James Smale has been working as a temp in New York City with dreams of publishing his first novel. One day his agent calls to tell him the manuscript has been picked up by Doubleday and he has scheduled a meeting to meet his new editor. James is nervous enough, but when he is ushered into the conference room, he discovers his editor is Jacqueline Kennedy Onassis.
Good Talk: A Memoir in Conversations is a superb treatise on the author’s life, purposefully meandering from childhood to cultural identity, marriage, having children, being an Indian-American, writing, in-laws, the 2016 election, and more. There's a lot of ground covered in this memoir. Its potency is further intensified and enriched by pictures and illustrations. Words can't always capture a look that a singular drawing does.
Nigerian beauty Ayoola doesn’t have a care in the world. Not with her sister Korede always there to clean up her messes. A textbook sociopath, Ayoola is already over her boyfriends’ deaths before they finish bleeding out.
The Other Americans masterfully examines the aftermath of a patriarch’s violent death and the effects it has on family, colleagues, and community members. Told from a myriad of perspectives, the story begins with the hit-and-run death of Driss, a Moroccan immigrant living in California who owns a restaurant business. Perspectives include Driss’ wife and daughters, the police and detectives, and the business owners next door.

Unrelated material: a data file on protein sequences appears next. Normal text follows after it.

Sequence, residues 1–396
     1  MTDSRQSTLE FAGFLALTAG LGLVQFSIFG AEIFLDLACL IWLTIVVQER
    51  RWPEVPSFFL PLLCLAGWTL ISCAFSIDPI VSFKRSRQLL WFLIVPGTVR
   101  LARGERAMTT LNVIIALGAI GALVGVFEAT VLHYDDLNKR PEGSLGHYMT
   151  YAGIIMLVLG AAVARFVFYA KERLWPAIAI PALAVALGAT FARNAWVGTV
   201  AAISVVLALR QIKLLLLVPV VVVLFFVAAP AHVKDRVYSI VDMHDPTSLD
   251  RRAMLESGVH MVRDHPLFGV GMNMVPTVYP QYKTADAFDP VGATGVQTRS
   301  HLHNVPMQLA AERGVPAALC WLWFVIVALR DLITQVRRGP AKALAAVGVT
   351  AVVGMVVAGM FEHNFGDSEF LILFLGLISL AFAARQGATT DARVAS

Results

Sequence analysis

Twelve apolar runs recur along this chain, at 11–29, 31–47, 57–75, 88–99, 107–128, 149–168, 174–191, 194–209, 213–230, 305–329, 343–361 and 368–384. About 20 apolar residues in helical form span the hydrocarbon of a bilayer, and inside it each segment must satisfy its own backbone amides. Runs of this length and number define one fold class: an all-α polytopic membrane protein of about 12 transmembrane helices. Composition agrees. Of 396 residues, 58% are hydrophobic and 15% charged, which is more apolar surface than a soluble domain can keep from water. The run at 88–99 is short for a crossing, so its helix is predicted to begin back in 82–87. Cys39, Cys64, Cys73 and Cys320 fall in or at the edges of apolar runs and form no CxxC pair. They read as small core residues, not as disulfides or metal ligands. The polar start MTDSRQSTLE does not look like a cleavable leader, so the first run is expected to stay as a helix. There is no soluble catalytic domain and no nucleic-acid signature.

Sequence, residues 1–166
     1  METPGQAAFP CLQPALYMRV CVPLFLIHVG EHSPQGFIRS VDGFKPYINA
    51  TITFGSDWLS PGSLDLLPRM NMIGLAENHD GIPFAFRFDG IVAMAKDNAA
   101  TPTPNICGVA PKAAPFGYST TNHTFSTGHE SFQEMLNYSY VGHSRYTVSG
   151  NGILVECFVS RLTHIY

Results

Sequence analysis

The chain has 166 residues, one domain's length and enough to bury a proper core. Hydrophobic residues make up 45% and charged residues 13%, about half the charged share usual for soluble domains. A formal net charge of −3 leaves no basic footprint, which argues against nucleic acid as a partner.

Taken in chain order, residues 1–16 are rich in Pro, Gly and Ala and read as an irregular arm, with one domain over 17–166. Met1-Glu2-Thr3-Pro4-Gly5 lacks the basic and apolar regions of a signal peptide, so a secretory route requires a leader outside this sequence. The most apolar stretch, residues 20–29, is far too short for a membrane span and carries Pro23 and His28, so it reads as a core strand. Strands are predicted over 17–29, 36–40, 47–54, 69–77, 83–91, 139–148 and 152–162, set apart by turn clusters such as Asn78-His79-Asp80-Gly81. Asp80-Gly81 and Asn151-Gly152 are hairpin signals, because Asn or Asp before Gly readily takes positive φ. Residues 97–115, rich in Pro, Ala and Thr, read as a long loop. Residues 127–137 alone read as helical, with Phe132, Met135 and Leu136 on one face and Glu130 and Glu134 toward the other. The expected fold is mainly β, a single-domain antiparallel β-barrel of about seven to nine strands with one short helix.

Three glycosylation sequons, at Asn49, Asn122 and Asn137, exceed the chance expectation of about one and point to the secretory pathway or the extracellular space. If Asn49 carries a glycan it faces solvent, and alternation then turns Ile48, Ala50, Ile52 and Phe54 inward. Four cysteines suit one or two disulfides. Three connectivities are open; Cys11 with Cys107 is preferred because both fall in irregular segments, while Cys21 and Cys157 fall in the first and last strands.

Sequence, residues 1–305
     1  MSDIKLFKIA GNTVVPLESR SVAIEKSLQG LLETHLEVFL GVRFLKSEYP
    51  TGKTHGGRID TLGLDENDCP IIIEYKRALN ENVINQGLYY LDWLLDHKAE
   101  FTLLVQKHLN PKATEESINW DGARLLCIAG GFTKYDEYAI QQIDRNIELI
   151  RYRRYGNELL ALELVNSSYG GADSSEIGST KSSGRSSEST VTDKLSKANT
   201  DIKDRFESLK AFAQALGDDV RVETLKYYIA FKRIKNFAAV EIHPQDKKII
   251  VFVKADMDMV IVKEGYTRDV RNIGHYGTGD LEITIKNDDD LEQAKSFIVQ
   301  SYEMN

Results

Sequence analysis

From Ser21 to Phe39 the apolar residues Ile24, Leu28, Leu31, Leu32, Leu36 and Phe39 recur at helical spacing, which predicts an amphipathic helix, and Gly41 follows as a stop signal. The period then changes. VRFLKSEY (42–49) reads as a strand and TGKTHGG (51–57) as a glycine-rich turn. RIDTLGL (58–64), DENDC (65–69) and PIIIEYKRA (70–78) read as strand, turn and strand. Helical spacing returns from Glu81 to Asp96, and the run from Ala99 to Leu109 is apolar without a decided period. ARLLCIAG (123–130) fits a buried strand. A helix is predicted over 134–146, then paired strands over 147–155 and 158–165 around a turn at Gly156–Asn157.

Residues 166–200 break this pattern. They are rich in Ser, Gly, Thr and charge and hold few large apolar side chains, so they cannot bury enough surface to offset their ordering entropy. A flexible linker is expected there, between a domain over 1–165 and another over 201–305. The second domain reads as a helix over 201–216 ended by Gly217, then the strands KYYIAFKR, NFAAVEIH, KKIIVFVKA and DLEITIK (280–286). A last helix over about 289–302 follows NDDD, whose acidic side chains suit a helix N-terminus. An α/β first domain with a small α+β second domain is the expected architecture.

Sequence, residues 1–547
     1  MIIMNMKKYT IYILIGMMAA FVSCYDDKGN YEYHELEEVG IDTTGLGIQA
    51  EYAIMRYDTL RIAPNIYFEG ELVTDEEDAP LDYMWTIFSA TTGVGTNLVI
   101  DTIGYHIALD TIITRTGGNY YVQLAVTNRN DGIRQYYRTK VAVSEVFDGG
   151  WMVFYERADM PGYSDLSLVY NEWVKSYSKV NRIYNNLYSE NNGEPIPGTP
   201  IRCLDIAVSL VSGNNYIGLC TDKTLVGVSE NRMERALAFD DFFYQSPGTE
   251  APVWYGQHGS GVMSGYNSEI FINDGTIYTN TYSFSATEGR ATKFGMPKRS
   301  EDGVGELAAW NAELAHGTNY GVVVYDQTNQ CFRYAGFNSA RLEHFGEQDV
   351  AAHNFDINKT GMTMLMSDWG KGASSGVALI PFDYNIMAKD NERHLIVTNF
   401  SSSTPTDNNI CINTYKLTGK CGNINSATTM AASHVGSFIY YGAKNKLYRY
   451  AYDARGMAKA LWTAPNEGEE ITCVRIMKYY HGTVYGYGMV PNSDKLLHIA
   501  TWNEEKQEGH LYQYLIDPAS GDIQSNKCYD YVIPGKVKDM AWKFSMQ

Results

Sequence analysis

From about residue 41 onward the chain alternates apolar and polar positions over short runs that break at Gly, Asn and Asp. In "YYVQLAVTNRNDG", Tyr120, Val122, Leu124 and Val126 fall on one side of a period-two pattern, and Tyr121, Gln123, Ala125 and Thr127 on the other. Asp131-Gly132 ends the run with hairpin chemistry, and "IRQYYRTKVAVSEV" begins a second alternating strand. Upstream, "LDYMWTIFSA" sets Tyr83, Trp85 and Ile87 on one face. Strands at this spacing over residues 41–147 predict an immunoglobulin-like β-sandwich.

Home Fire is a riveting story about a tight-knit British-Pakistani family of three siblings whose life goals, secrets, and choices bind them together and drive them apart. Isma, the eldest daughter and pseudo-mother, moves to Massachusetts after being offered a professional opportunity. She leaves behind her twin siblings, Aneeka and Parvaiz. Aneeka has started college, while Parvaiz is ambling through life without a clear future.
Appropriately known as the Mount Everest of haunted houses, Hell House mentally and physically destroys all who enter. When offered a huge sum of money to research life after death, four people, a physicist, his wife, and two psychic mediums, agree to stay at the abandoned house for one week. With its unique and terrifying history of sins and insanity, the Belasco house’s evil targets each of them individually.
In 1930s Malaysia, a young houseboy named Ren has been entrusted with the task of finding his dying master’s severed finger and burying it with his body, enabling the soul to leave the earth.
Famed artist Alicia Berenson has been convicted of her wealthy husband’s murder and sent to an institution for the criminally insane, remaining silent throughout her arrest, trial and incarceration. Psychotherapist Theo Faber is keenly interested in her case, especially when he sees her last painting entitled “Alcestis”, which he believes to be a key in finding out her possible motive for the crime.
Bursting with raw intensity and dazzling brilliance similar to The Hate U Give, Angie Thomas delivers a surefire powerhouse follow-up in On the Come Up. Bri is a 16-year-old aspiring rapper looking to help her family out by making it big. Growing up in Garden Heights (Los Angeles) where many people struggle with bills, drugs, and gangs, Bri wants to be a beacon of hope for her community.
America for Beginners by Leah Franqui is a poignant story, told with careful, respectful prose. A year after the death of her husband, an Indian woman, Pival Sengupta, decides to visit her gay and estranged son in the United States. Under the guise of a country tour, Pival travels with Satya, the tour guide, and Rebecca, a hired actress to be her traveling companion.